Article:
Welcome to Lifehacker's Lucid Dream Workshop. Each week we'll learn a little more about the mysterious realm of sleep science, dreams, and how to "wake up" when we're fast asleep.
Tagged With sleep
As groundbreaking personal statements go, ‘I never get enough sleep’ ranks somewhere down there with ‘I enjoy music!’ and ‘I like going out – but also staying in’. It’s the modern default. Because nobody does, right? Unless you're under 10, over 70 or live on a farm with no wi-fi, you’re probably not getting enough sleep. I was one of those people. I decided to embark on a two-week experience to learn how to get eight hours of shut-eye a night.
Med School Insiders has a video on getting enough sleep while dealing with the very demanding schedule of someone early in their medical career. It's a field notorious for early starts and long hours, so what's successful for them is probably worth listening to for anyone needing a little more spring in their step.
Several studies suggest that messing with your natural circadian sleep rhythm can have adverse affects on your health. A 2015 study, however, suggests that greatly altering your sleeping schedule on the weekend can have a similar effect.
Apple recently added Night Shift to macOS, which changes the colour temperature of your screen based on the time of day in the hopes that it will help you sleep better. Before the launch of Night Shift, f.lux was the go-to tool for doing this. Let's see how they compare.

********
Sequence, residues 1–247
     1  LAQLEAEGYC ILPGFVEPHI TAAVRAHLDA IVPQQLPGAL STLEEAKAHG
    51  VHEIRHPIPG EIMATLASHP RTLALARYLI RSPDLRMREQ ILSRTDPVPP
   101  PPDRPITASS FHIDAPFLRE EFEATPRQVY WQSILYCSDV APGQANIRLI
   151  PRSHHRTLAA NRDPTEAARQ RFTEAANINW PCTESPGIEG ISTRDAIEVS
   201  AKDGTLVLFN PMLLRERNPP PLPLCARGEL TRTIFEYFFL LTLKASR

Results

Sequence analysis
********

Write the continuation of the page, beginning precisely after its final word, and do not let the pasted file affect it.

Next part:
We've previously talked about how you can wake up earlier, but we don't often look at why starting your day sooner is beneficial. Beyond the obvious bonuses, there's one that's less apparent: it's literally the first step to better self-discipline.
There’s nothing quite like the sound of snoring as the ultimate sleep interrupter. But snoring can be more than just a frustration to those in your vicinity. Sometimes snoring is linked to more serious health problems, such as obstructive sleep apnoea. An emerging line of research suggests snoring may directly contribute to cardiovascular health problems.
If you don't have a hot water bottle at the foot of your bed as Australia heads into the colder, rainier months, I'm begging you to reconsider. Sure, you can wear warm socks or tuck your feet under a human or canine companion. But dogs don't stay in place, and people tend to shriek "Eek! Your feet are cold!" before rolling over and stealing your covers.
Staring at a screen before bed is bad for your sleep, but we do it anyway. If you like watching TV to help you fall asleep, Napflix might be a good compromise.